10 facts about Joshua Tree National Park
Joshua Tree National Park has always had a glamorous feel – it is, after all, just two hours from Los Angeles, so it’s no surprise that the park has a fascinating history filled with Hollywood drama.
1. Joshua Tree National Park includes two deserts.
Many people don’t realize that Joshua Tree National Park is actually made up of two separate deserts. The southern tip of the Mojave Desert forms its western edge, and the Colorado Desert covers its eastern and southern areas. These deserts have different altitudes and, therefore, different ecosystems. The gentle slopes of the Colorado Desert receive more annual rainfall and are home to desert lavender, desert agave, and colorful ocotillo plants [PDF].
The Joshua trees for which the park is named are most common in the higher elevations on the Mojave side. The densest growth of Joshua trees in the world sits on the 1,500-foot Cima Dome. The west end of the park even climbs to 4000 feet San Bernardino Mountains, home to trembling aspen, California juniper, and Douglas-fir.
2. Despite its geological age, as a national park, Joshua Tree is a millennium old.
Joshua Tree is one of the youngest national parks in the country. It received this designation in October 1994. Joshua Tree now covers 800,000 acres, an area roughly the same size as Rhode Island. [PDF].
It is also one of the most popular national parks, as it is only a two hour drive from Los Angeles. His popularity has been a mixed blessing: Joshua Tree has seen an average of 3 million visitors per year in recent years, although its infrastructure has only been built for 1 million per year.
This results in long waits at front gates and crowded campgrounds. Much of the park is not accessible by road, causing trail overflows in the more easily accessible areas.
3. Joshua trees are not actually trees.
The tree of Joshua is a member of the Genus Yucca, a genus of generally stemless succulents. They can grow up to 70 feet tall, although they can take up to half a century to reach their maximum size. Joshua trees live for around 150 years, and it takes decades before their distinctive branches even begin to form.
Because they store moisture in their roots, Joshua trees are called the “large desert canteen. “Squirrels and hares find water by chewing on trees during extreme drought, which allows hawks and coyotes to find food.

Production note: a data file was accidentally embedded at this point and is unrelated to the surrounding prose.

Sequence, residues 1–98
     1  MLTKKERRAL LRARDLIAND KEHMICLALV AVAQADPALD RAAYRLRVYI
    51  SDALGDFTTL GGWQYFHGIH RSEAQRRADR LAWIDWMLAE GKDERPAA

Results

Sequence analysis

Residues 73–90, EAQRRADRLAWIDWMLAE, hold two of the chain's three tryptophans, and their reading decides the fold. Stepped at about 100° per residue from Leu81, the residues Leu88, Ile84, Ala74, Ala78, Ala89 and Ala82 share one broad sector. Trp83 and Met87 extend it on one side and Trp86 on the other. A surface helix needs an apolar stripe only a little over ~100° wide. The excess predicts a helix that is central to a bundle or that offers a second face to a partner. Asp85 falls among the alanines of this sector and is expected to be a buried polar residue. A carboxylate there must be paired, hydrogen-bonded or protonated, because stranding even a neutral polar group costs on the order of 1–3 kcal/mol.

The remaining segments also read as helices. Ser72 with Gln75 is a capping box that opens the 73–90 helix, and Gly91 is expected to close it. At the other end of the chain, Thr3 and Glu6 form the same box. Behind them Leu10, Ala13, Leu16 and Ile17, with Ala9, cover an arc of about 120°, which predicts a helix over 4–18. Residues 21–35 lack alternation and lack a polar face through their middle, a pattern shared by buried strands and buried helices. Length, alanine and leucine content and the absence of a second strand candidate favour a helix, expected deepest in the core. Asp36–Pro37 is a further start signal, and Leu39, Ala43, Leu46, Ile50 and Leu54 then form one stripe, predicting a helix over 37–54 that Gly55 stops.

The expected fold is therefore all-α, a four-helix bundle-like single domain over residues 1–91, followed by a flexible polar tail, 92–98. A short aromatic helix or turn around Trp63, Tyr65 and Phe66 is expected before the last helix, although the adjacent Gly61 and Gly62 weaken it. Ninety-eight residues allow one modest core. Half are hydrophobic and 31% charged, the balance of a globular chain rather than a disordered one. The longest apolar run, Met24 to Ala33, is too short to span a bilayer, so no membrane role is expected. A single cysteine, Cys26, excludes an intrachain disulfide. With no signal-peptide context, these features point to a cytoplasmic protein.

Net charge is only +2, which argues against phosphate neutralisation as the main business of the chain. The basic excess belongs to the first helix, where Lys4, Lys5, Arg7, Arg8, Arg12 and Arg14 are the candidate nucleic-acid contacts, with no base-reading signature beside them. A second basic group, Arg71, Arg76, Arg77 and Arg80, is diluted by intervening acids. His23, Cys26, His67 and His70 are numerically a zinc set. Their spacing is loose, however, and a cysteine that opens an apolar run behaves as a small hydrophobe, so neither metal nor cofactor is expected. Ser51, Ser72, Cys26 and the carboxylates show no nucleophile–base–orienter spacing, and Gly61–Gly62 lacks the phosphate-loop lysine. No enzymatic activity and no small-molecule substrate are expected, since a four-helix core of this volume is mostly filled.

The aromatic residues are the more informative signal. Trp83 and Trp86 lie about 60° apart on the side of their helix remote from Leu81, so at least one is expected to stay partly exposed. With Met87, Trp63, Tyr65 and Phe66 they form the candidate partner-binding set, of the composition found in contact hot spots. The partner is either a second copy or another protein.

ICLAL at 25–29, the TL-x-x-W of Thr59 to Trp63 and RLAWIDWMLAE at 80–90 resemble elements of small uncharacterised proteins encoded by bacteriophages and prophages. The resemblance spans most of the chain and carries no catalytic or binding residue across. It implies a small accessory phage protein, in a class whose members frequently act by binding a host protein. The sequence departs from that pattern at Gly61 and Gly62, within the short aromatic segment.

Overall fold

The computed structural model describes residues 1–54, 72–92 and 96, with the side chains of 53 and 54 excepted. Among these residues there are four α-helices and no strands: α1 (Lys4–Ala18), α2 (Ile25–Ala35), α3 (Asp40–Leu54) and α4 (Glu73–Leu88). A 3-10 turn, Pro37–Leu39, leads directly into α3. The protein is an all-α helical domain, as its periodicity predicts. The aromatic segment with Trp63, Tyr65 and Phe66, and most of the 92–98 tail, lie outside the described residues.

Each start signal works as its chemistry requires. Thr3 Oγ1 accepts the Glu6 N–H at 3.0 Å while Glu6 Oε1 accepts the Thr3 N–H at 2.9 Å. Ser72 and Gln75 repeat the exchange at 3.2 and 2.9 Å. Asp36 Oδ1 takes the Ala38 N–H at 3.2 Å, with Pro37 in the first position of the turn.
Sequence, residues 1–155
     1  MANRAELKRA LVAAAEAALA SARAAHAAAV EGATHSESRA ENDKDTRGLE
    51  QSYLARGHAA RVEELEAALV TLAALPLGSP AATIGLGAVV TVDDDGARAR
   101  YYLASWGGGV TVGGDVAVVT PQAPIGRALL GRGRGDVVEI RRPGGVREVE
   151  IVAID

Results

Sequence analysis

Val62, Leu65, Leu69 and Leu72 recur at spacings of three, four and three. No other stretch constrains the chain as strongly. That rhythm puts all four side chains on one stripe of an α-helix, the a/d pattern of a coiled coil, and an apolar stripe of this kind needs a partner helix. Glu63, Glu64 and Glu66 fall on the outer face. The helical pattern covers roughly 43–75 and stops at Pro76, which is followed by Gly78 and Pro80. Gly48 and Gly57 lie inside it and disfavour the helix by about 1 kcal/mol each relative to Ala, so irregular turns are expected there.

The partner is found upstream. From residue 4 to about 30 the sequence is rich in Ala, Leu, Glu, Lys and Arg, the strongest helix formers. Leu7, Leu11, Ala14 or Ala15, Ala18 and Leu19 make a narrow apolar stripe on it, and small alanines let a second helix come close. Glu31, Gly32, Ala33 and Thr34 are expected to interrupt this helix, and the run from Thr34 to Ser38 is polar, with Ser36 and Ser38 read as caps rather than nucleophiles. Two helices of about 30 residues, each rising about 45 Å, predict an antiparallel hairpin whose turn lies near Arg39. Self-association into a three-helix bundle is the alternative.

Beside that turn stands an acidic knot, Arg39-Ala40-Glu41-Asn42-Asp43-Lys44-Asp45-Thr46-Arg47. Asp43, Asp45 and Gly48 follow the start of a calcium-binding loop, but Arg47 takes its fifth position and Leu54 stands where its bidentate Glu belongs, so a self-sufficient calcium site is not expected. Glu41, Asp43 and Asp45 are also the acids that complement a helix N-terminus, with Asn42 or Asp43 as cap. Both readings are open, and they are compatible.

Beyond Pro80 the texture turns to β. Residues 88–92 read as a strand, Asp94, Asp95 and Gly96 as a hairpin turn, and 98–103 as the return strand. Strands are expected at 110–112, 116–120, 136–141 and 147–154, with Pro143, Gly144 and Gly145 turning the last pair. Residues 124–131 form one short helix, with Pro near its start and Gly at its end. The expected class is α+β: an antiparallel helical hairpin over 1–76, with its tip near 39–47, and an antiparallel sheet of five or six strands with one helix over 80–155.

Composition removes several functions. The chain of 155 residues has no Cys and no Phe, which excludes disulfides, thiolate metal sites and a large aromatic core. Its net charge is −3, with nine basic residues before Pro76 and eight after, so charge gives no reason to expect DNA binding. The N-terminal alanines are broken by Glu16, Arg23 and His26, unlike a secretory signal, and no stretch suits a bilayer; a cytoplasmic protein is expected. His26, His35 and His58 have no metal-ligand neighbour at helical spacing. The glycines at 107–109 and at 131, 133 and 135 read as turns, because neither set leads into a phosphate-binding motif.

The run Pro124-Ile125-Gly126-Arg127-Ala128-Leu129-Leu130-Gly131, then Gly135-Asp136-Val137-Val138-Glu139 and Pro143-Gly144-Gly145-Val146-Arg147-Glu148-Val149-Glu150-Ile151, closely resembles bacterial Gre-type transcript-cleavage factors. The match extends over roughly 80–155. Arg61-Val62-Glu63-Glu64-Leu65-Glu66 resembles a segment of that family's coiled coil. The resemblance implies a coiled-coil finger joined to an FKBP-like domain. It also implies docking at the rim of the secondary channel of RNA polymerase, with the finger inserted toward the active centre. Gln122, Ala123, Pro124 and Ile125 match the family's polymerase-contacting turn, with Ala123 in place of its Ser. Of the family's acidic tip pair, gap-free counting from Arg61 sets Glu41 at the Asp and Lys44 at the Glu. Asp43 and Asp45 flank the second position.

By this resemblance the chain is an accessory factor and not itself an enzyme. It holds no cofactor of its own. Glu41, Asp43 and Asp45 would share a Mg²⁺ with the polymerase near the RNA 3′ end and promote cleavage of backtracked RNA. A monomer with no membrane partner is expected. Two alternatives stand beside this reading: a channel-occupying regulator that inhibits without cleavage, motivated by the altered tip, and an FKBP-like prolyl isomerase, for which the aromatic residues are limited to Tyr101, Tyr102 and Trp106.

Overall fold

The shrub is native only to northwestern Mexico and the American southwest. Although there are still nearly a million currently growing in the Mojave Desert, like many other species, climate change has limited their range. By the end of the century, environmentalists predict 80 percent Joshua trees will be destroyed.
4. Joshua trees received their distinctive name from Mormon settlers.
The Cahuilla people call the trees of Joshua humwichawa. Traditionally, they used the leaves and seeds of the hardy plant to make baskets, sandals, and food, and even hollowed out its branches to use as containers.
When Mormon settlers first arrived in the area in the 19th century, the legend has it that the distinctive trees reminded them of the Old Testament story of Joshua, the leader of the Israelites who raised his arms to heaven in a prayer to God to lead them through Canaan, hence the plant’s current name.
5. Joshua Tree National Park has a long human history.
Mormons may have given the national park its current nickname, but people are believed to have lived in the area for thousands of years. The rocky landscape provided shelter, as well as sources and vegetation for food. The park still contains artifacts from the Mojave, Serrano, Chemeheuvi, and Cahuilla tribes, including petroglyphs carved into many rock formations. In the 1800s ranchers, miners and farmers had started to appear on the ground.
6. It’s snowing in Joshua Tree National Park.
The park is known for its warmth: the average maximum during the summer months is a roast 100 Â° F. But like many deserts, it can also get quite cold, and snow in high altitudes is not unheard of. Temperatures have dropped below freezing in winter â once they hit a low. record 10 Â° F in 1990 – and the park receives about one blanket of snow every year. It’s actually too cold for most cacti to grow there.